Why Nancy Pelosi owes Latinos a vote on an Immigration Bill

by Alex Gonzalez

If Nancy Pelosi once again becomes the Speaker of the House, she will owe Latino voters a vote an Immigration in the House.

House Democratic Leader Nancy Pelosi of Calif., left, waves with DCCC Chair Ben Ray Luján, as they arrive to speak about Democratic wins in the House of Representatives to a crowd of Democratic supporters during an election night returns event.

Ever since Democrats lost the House of Representatives in the 2010 Mid-term election, Nancy Pelosi and Minority Whip Steny Hoyer have been screaming for a vote on an Immigration Bill to revamp our “Broken Immigration system.” When the Bipartisan Immigration  Bill S.774 passed in the U.S. Senate, Nancy Pelosi and every single Democrats in the House accused former Speakers of the House John Boehner and all Republicans in the House of “obstructionists” for now allowing a vote an that Immigration Bill. Moreover, since 2013, when the U.S. Senate passed S.774, Democrats have accused Republicans of “obstructing” an Immigration Bill to pander to hardliners and passing only partisan “Enforcement only” bills.

But, this Mid-term election, the American people have given Democrats the chance to pass the kind of Immigration Bill they’ve been screaming about since 2011 when they lost the House, and now they will have opportunity to show Latino voters that they honestly care about them.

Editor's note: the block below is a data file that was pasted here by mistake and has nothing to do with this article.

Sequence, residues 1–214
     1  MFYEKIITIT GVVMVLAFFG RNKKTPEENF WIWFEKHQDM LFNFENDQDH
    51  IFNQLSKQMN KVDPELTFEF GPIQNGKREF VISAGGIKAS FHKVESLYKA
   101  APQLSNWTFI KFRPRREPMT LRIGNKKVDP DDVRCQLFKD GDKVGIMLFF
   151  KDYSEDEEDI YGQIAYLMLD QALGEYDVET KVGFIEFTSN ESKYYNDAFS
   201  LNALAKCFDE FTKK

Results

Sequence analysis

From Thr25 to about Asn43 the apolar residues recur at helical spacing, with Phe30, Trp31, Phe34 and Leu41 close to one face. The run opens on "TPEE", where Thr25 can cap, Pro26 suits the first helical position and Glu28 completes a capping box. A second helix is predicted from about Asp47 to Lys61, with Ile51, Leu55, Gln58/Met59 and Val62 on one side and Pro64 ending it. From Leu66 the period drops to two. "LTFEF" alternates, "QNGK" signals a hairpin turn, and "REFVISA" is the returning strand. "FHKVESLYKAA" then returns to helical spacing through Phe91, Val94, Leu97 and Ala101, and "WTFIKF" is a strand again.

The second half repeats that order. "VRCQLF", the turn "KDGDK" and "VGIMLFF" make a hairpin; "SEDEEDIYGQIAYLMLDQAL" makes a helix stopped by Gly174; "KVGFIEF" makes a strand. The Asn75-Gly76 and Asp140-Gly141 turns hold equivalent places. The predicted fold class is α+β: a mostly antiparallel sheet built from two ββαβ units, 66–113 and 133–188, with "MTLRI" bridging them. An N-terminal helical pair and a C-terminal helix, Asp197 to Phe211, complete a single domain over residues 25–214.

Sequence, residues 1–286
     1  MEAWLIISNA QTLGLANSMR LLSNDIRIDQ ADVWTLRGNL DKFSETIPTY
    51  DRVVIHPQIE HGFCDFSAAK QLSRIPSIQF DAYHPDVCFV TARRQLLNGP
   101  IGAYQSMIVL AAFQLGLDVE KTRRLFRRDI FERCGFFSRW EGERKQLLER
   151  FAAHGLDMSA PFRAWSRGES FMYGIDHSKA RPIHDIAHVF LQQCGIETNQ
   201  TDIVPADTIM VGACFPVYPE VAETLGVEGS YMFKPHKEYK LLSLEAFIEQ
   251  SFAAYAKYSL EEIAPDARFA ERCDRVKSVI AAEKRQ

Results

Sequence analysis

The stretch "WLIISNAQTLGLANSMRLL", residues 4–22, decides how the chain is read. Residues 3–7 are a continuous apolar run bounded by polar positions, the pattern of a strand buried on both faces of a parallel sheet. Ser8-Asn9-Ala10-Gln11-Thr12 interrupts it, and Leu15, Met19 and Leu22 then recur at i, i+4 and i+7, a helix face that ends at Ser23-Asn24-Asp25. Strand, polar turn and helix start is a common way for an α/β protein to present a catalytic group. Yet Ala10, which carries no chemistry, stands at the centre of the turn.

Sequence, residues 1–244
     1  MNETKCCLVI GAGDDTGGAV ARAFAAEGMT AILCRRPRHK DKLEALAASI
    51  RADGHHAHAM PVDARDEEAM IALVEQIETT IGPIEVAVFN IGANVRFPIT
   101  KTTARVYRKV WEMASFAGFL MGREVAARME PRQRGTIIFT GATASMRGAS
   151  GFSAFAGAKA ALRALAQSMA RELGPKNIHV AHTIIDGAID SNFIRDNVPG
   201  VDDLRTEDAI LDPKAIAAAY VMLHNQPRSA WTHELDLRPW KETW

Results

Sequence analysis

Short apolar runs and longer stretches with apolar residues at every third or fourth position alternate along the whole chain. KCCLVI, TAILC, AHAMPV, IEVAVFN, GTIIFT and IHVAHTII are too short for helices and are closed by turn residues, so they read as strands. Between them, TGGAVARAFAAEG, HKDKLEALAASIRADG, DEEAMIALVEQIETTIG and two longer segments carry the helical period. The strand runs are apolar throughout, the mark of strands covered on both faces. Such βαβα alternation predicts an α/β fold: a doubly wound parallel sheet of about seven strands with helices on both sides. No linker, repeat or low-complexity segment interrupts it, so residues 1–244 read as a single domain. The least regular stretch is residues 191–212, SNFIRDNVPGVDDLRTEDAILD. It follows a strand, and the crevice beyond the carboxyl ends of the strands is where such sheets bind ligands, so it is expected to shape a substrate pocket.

Nancy Pelosi and Democrats in key House Committee chairmanships, like the Judiciary Committees, who will now have control over Immigration laws have been promising and Immigration Bill for years to Latino voters and to those Hispanic legislators from Congressional districts with large Latino voting blocs. So they really owe this Immigration Bill to Latino voters.

It’s been eight long years since Democrats lost the House, and it’s been eight long years for the Hispanic community that has suffered high deportation numbers under Obama and now live under constant “threat” of deportation under Trump, according the New Pew Hispanic survey.   As a result, Latino voters, and those Representatives from districts with large Hispanic populations, should be bold and demand that Democrats in the House vote on an Immigration bill because in 2009, when Democrats took the House and the Senate, Nancy Pelosi deliberately avoided pushing an Immigration Bill in the House; Pelosi, and then Obama’s Chief of staff Rahm Emanuel, did not want to touch Immigration to focus more on Obamacare.  This is the time when many Democrats like Luis Gutierrez openly accused Pelosi and Obama of only using Latinos for voters.

Historically, the House of Representatives has always been the problem to tackle Immigration.  On Dec. 16, 2005, the House passed the Border Protection, Anti-terrorism and Illegal Immigration Control Act of 2005 (H.R. 4437) more commonly known as “the Sensenbrenner Bill.” The passage of H.R. 447 spurred large demonstration across the nation forcing the U.S. Senate to passed  “McCain-Kennedy” comprehensive reform bill.